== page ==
The Cutting Edge

The official blog of Knife Depot

Top 20 Knives with D2 Steel

Finding the perfect steel is tough. Not only are there so many types available but there are also tons of factors to consider — price, ease of sharpening, hardness, corrosion resistance, and more.

The perfect steel is ever elusive, but you can pick the right steel for the job. If you want a steel that’s nearly stainless but has great edge retention and wear-resistance, opt for D2.

D2 tool steel has been around for a very long time. It became popular as a tool steel during World War II in factories. In terms of knives, knife makers Wayne Goddard and Bob Dozier pioneered the use of D2 steel in knives. In fact, Dozier is sometimes called Dr. D2.

Here is an excerpt from Steve Shackleford’s Blade Magazine post on why D2 is still so great after all these years:

While D2 may not be stainless, it remains a top performer due in no small part to its high wear resistance/edge-holding ability. “It will hold an edge for a very long time before it will go dull,” says Paul Tsujimoto, director of engineering at Ontario Knife Co.  Combined with its relatively inexpensive price, this makes D2 a favorite of manufacturers and custom makers alike. “For us, it’s the perfect combination of performance and an affordable price,” notes Dietmar Pohl of Pohl Force Knives. Agrees Devanna, “It’s the best bang for the buck because it’s priced reasonably and works well.”

While D2 does sacrifice ease of sharpening and some corrosion resistance, it remains an excellent choice for knife users everywhere.

If you’re interested in seeing what D2 has to offer, I collected a list of 20 knives that showcase the variety of D2 knives. Take a look.

1. Ontario RAT 1 D2

The RAT 1 is one of the most beloved budget knives of all time. It (and its smaller brother the RAT 2) are praised for their designs and overall utility. The only major complaint the RAT 1 gets is its adequate AUS-8 blade steel. So Ontario Knife Company came back with a D2 version of the knife.

The one I’m highlighting here is an all-around fantastic limited edition version with a D2 blade and a carbon fiber laminated G-10 handle. It doesn’t cut down on the weight as much as I’d like, but it looks and feels great in the hand. Other than the upgrades, the limited edition RAT 1 maintains the same design elements as the original.

2. Benchmade Adamas

“This knife is a tank.” I’ve heard that about the Benchmade Adamas a million times, and it’s not hard to see why the folding version gets so much love. The 3.82-inch blade is 0.160 inches thick while the handle features liners and G-10 handle scales. Coming in at more than 7 ounces, the weight would be a liability in a lesser knife but the Adamas uses it as leverage in heavy-duty tasks.

The manual-opening version of the Adamas was our Badass Knife of the Week in the past and it’s sold well over the past few years. With a heavy-duty knife like this, it’s no surprise Benchmade decided to go with a workhorse steel like D2.

3. ESEE Avispa

ESEE is a purveyor of some of the cheapest D2 knives you can get; unfortunately, we rarely have them in stock at Knife Depot. One of those knives is the Avispa. This is a frame locking blade with a 3.5-inch D2 steel blade. The knife is designed and endorsed by the same guys behind the RAT series, which is why the handle looks so similar.

4. ESEE Zancudo

The Zancudo is the smaller version of the Avispa. It has a 2.94-inch blade made from D2 steel with a similar black fiberglass-reinforced nylon handle slab on one side and steel on the other. Just beware of these two because they’re also available in AUS-8, but for a few bucks more, might as well go for the D2 versions.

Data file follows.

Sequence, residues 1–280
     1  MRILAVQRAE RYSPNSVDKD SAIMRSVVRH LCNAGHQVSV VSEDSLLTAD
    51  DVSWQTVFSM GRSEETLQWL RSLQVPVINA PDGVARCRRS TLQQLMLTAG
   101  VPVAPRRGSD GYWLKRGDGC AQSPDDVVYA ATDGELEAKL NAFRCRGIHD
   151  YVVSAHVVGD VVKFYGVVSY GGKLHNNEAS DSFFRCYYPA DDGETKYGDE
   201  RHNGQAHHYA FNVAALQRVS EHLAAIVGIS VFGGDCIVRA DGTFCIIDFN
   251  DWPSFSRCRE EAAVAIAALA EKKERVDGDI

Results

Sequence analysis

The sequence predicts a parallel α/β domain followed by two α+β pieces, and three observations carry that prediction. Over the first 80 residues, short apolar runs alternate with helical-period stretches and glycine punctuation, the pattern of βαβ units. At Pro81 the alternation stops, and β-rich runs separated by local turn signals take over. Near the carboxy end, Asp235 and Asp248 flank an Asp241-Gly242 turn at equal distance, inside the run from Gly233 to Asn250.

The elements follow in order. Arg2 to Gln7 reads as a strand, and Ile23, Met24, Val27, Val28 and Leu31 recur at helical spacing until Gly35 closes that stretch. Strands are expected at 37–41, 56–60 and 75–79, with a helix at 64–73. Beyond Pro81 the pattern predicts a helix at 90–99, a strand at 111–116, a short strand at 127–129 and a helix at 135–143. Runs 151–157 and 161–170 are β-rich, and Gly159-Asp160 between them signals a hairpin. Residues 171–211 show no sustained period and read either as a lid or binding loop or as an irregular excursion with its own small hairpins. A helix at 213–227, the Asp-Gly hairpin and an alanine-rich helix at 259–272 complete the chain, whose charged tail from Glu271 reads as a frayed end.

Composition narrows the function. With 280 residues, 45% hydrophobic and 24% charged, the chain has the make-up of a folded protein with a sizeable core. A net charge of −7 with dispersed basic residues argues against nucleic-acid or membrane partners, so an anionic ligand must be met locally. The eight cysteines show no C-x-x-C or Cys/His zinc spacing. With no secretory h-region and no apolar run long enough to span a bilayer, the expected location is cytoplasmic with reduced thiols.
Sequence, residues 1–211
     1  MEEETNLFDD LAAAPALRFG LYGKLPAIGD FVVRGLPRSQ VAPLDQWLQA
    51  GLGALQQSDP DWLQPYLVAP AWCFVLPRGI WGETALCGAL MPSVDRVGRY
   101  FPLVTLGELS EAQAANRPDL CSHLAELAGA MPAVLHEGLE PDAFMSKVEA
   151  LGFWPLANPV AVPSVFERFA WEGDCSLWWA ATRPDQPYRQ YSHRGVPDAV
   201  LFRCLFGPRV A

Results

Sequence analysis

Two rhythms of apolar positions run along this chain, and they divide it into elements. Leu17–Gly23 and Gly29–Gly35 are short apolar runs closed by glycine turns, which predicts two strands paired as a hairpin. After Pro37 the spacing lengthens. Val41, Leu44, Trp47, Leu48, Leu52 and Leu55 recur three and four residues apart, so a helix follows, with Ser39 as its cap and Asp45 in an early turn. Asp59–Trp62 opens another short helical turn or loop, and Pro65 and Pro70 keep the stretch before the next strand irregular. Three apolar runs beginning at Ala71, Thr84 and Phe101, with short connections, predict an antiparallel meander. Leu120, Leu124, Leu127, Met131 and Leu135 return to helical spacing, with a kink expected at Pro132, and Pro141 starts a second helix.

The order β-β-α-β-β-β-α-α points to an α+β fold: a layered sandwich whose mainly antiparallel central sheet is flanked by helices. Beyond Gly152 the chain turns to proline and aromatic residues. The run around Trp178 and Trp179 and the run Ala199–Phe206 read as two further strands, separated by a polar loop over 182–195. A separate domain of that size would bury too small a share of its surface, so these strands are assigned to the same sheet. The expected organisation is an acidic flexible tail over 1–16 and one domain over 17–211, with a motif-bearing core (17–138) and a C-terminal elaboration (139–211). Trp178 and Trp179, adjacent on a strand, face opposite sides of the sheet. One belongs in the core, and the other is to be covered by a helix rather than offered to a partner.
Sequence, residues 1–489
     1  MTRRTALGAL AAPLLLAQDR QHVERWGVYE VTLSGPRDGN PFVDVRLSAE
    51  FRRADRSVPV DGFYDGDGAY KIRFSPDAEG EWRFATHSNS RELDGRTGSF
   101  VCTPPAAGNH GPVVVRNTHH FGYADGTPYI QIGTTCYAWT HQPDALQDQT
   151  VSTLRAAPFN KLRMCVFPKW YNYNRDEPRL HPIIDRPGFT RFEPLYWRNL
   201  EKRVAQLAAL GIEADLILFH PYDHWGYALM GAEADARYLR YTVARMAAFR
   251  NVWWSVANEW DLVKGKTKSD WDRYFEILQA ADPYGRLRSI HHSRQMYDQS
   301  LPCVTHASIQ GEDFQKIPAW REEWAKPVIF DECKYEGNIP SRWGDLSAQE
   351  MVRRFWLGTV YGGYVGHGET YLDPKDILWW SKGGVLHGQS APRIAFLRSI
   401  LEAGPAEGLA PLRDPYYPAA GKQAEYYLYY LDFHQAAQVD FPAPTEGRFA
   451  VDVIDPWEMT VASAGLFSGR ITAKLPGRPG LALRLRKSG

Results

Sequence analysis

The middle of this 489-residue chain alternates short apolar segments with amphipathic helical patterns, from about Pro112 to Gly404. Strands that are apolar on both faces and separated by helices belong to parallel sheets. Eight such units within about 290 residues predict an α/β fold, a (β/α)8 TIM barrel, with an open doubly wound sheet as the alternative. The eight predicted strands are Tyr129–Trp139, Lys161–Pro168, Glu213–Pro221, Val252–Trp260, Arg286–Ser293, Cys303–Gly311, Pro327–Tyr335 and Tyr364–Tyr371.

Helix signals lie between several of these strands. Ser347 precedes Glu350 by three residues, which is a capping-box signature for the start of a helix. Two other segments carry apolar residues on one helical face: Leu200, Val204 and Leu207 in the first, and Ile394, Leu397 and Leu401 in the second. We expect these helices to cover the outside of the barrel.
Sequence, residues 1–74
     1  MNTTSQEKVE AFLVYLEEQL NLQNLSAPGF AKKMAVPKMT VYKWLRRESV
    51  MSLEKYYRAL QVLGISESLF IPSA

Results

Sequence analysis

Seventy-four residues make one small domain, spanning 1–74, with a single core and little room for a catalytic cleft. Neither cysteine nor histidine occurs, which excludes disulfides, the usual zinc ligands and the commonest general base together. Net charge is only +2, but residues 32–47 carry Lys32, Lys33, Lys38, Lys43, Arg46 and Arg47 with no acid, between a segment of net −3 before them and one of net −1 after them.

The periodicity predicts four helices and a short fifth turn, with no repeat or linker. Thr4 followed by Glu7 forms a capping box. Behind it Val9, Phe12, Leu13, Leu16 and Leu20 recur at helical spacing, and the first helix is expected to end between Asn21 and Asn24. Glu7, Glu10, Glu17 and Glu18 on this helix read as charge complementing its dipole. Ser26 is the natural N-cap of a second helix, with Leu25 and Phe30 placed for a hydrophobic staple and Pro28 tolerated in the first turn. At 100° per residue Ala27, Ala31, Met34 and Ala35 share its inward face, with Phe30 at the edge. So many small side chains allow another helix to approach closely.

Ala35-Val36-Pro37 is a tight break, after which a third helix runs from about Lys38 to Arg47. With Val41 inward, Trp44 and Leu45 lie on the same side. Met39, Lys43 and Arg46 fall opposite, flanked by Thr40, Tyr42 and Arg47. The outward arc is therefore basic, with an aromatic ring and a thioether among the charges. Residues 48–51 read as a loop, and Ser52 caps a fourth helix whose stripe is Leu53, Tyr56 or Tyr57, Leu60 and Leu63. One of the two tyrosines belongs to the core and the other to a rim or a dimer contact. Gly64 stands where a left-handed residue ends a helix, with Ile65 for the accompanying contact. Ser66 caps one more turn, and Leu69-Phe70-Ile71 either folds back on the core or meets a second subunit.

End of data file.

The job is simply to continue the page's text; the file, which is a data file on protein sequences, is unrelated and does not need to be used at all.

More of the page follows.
5. Schrade SCH600Ti

Schrade really excelled the past few years at the helm of the Taylor family before it was unfortunately sold to BTI Tools. The Schrade SCH600Ti is a good example of the interesting knives the brand came out with. The knife has a blade with a pronounced recurve and a modified drop point that is almost a tanto profile. Schrade often opted for budget steels, so it was welcomed to see D2 used.

The titanium handle has nice ergonomics, and the blade engages with a flipper. All in all, this frame lock is a good option for an EDC.

6. DPx Gear HEAT/F

I feel like the image of the DPx Gear HEAT/F doesn’t do the knife justice. This sucker is a beast in what DPx Gear calls a “beefy, pocket friendly package.” Standing for Hostile Environment At Hand Tool, the HEAT is made with law enforcement in mind and boasts a glass breaker, rapid deployment, a non lethal ergonomic grip, and quality.

The blade may only be 2.26 inches, but it packs a hell of a punch. The stonewashed 6Al4V grade 5 titanium alloy frame lock is accented by a single American-made OD Green G10 handle scale for a reliable grip. This is another one of those hard-working EDC knives you want by your side if you need something really tough.

7. Kershaw Leek Composite

Composite blades are a great invention. You get the best of two knife worlds combined in a single blade. Technology has advanced far enough so that the composite blade is reliable and seamless. In true Kershaw fashion, the company took the iconic Leek and equipped it with its composite blade technology. Although the blade is not completely D2 steel, the cutting edge is while the spine is Sandvik 14C28N.

This is an iconic knife that I’m sure most of you already have in your collection, and the composite blade makes it even better. I love the look of the wavy copper line that fuses the two steels together. Other than the composite blade, there’s not much left that needs to be said about the Leek.

8. Ontario Carter Prime Flipper

The RAT 1 isn’t the only Ontario knife to feature D2 steel. The Carter Prime was introduced only a few years ago and has already risen through the ranks as an underrated EDC knife. The knife is designed by Robert Carter, the son of Joe Pardue of Ontario Utilitac fame and grandson of Mel Pardue of Benchmade Griptilian fame.

The Carter Prime is a flipper with a 3.37-inch D2 blade and a lightweight anodized titanium handle. The sheepsfoot blade profile is surprisingly versatile and the knife works well as a hard-use EDC — somewhere between the Adamas and Kershaw Leek.

9. KA-BAR Dog’s Head Coppersmith